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Why Nobody Should Care About ‘SNL’ Slip

Jenny Slate makes an oopsie, uses the F-word by mistake. Let the manufactured controversy begin!

UPDATE: It turns out NBC allows "Saturday Night Live" to broadcast completely live, without any sort of time delay. So, apologies to the Peacock’s standards department. They couldn’t have stopped the use of the f-word on the east coast version of "SNL."

 

NBC’s standards and practices department must have been taking a coffee break early Sunday, since it allowed an inadvertent "f—" to hit the airwaves during a "Saturday Night Live" sketch.

During a bit dubbed "Biker Chick Chat," new featured player Jenny Slate accidentally said "f—." Her character’s dialogue was sprinkled with the word "frickin’," but at one point, Slated subbed "f–king." East coast viewers witnessed this breach in broadcast decorum live; viewer in the west saw a version in which Slate says "frickin’" (it wasn’t immediately clear if NBC has very good dubbing technology or if "SNL" used video from the dress rehearsal).

 

Technically, NBC should be chill with the FCC. That’s because Slate’s allegedly obscene proclamation was uttered a bit after 12:30 a.m.– very much in the FCC’s so-called "safe harbor," which allows dirty words after 10 p.m. Three observations about this non-controversy:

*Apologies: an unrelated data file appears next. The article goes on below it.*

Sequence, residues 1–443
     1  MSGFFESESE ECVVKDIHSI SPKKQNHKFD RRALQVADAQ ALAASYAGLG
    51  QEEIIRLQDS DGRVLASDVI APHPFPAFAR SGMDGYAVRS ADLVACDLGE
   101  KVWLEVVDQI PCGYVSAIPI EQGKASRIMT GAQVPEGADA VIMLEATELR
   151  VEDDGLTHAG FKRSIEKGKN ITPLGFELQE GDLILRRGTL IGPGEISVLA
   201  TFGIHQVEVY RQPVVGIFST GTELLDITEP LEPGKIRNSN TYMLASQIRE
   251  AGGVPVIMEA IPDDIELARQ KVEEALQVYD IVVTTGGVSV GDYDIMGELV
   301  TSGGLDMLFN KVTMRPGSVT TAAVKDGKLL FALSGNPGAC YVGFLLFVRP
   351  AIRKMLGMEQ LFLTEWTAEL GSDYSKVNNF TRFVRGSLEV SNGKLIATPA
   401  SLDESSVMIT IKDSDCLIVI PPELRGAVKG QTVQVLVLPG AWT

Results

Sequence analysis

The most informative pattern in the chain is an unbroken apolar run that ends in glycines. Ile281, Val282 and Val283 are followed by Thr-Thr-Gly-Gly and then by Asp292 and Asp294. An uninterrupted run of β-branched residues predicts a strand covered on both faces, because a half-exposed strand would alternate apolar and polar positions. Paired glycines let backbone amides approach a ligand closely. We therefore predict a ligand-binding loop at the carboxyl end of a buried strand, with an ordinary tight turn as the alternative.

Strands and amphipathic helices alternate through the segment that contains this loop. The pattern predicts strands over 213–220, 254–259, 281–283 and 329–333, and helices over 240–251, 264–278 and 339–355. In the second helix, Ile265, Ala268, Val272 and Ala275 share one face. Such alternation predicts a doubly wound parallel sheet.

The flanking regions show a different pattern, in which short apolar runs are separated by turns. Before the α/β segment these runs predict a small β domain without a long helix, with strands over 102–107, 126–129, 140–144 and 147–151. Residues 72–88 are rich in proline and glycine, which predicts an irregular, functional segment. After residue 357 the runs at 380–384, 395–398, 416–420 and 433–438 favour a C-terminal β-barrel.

–Slate’s slip occurred on a night when U2 was "SNL’s" musical guest. Ironically, NBC is still fighting FCC harassment over U2 singer Bono’s use of the f-word during the 2003 Golden Globes.

 

–We assume NBC broadcasts "SNL" on a time-delayed basis. Given how clear Slate’s mess-up is, why didn’t someone in Peacock standards and practices hit the bleep button? Seriously, WTF, NBC? (See update above.)

 

–Finally, Slate’s slip-up was all over YouTube within minutes. There’s no telling how many kids under 18 saw the mistake (assuming anyone under 18 still really cares about "SNL"). The fact that kids everywhere can easily hear an f-word foul-up on the Internet– not to mention far, far worse things that even the most sophisticated blocking technology can’t stop– demonstrates just how lame any controversy which erupts from this incident is. It’s 2009, and we still have a government agency ready to investigate an actress using a four-letter word at 12:30 in the morning, even though such language is all over the Net (not to mention every schoolhouse in America).

 

Now that’s f–ked up. Check out Slate’s mistake below: